Dozens of additional Prague restaurants will need to close their outdoor areas by 10 p.m.

A new amendment will strip 67 central Prague restaurants of their exemption from nighttime closing hours

Jason Pirodsky

Written by Jason Pirodsky
Published on 02.09.2020 13:31 (updated on 02.09.2020)

According to the Prague’s regulations on nighttime quiet hours, most outdoor restaurants, pubs, and other businesses in the city center need to bring their patrons inside after 10 p.m. to avoid causing a disturbance for local residents.

But a total of 277 venues in Prague 1 had been granted an exception to this rule. Many are allowed to keep their outdoor areas open until midnight or even later, including numerous locations in the city’s historical center.

Under a new ruling from Prague City Council, however, dozens of those venues will be stripped of that exemption, and required to close their outdoor areas by 10 p.m. A total of 67 establishments will have their exemption stripped, reducing the number of restaurants allowed to operate outdoors past 10 p.m. to 210.

“These were primarily places where there was a conflict between nightlife and the locals,” Prague city councilor Jan Chabr told reporters.

The establishments that are allowed to keep their gardens open past 10 p.m., and how late they could do so, were not identified. But officials stated that around 60 venues, primarily on Prague’s Old Town and Wenceslas Squares, would be allowed to operate until midnight, and the rest would need to pack up their gardens by 11:00 p.m.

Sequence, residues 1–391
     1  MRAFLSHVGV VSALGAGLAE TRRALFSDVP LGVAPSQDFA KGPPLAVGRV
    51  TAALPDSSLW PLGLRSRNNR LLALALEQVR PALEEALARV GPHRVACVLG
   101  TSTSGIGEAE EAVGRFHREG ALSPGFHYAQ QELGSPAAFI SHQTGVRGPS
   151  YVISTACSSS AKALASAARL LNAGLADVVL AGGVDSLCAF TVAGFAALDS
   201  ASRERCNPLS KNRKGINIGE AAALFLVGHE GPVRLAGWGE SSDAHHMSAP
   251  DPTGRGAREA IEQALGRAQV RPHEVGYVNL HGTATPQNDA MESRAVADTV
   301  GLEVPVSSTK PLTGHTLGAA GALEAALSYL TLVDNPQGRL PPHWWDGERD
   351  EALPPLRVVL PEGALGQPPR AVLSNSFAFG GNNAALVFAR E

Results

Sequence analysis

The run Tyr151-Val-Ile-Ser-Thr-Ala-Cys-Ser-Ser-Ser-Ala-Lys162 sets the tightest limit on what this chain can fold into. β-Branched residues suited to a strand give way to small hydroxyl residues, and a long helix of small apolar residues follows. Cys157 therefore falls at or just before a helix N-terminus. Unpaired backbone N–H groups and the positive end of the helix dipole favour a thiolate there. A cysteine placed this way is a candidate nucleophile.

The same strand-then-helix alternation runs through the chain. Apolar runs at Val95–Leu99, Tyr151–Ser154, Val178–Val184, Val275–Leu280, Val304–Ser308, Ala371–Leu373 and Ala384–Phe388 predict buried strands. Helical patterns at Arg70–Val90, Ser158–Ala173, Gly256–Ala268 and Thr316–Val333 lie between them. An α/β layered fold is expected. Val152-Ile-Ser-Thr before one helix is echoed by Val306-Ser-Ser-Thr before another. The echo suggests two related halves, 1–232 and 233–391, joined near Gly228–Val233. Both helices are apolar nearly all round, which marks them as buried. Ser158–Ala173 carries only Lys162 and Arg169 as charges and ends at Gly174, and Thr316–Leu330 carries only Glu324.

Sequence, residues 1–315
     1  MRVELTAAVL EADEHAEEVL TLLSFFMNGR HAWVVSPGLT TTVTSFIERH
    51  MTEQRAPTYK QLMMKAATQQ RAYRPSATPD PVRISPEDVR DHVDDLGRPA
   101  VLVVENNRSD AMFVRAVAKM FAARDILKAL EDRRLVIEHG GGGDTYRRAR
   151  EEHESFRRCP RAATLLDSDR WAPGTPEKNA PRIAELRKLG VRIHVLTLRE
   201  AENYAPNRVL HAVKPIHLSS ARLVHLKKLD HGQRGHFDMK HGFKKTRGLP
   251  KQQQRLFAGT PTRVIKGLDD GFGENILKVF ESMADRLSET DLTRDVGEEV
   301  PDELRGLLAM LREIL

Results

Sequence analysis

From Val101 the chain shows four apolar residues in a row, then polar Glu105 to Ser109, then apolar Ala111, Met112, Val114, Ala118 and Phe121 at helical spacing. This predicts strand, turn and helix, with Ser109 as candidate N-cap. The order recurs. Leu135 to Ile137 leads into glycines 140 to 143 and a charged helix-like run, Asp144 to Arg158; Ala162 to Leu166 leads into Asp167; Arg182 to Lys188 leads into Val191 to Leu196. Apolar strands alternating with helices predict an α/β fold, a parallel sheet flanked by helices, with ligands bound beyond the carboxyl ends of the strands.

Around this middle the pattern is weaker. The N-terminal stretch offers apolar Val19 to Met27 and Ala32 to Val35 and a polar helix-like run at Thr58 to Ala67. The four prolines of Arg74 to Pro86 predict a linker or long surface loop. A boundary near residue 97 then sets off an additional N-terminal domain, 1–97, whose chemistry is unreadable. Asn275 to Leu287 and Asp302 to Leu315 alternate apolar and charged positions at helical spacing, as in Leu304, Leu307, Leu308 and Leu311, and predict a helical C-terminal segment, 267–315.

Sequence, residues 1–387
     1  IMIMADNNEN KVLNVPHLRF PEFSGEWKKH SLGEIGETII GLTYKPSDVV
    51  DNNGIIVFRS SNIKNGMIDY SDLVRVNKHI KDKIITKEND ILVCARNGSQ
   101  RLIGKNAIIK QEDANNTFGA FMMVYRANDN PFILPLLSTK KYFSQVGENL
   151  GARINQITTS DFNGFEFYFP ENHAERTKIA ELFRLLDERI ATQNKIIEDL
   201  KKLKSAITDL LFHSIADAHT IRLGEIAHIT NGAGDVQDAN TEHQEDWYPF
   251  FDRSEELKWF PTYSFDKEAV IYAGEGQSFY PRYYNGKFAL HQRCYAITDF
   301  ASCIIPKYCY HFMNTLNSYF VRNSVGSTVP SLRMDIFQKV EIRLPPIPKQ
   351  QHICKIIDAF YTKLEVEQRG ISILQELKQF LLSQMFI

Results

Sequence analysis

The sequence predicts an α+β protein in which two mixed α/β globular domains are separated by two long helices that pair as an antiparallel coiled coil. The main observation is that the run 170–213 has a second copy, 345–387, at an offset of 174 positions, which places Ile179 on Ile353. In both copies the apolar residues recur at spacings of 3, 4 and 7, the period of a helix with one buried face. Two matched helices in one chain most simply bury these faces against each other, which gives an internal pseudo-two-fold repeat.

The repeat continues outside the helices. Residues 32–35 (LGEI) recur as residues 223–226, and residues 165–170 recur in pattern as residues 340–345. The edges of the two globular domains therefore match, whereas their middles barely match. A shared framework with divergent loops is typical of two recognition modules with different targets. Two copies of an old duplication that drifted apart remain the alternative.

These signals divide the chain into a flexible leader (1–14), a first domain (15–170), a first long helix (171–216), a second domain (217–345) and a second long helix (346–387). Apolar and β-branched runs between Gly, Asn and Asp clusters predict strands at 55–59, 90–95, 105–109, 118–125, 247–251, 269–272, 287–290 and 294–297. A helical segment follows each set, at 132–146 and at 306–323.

The new change follows a decision earlier this year, in which Prague decided to allow certain venues to stay open past 10 p.m. rather than institute a blanket ban. That previous decision drew some criticism from Prague residents.

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The ruling comes as part of a new amendment to the city’s market regulations.

The new amendment also modifies the city’s regulation to farmers markets: while vendors at Prague farmers markets were previously required to sell only products produced in the Czech Republic, the new amendment allows for up to 10% of their wares to be foreign-produced.

While most restaurants will have sufficient indoor areas to accommodate their patrons after 10 p.m., some guests at pubs and bars tend to congregate outdoors to smoke.

According to the Czech Smart Quarantine Team’s risk assessment for COVID-19 transmission, restaurant patrons have a much higher chance of catching COVID-19 if eating at a restaurant indoors rather than an outdoor garden area.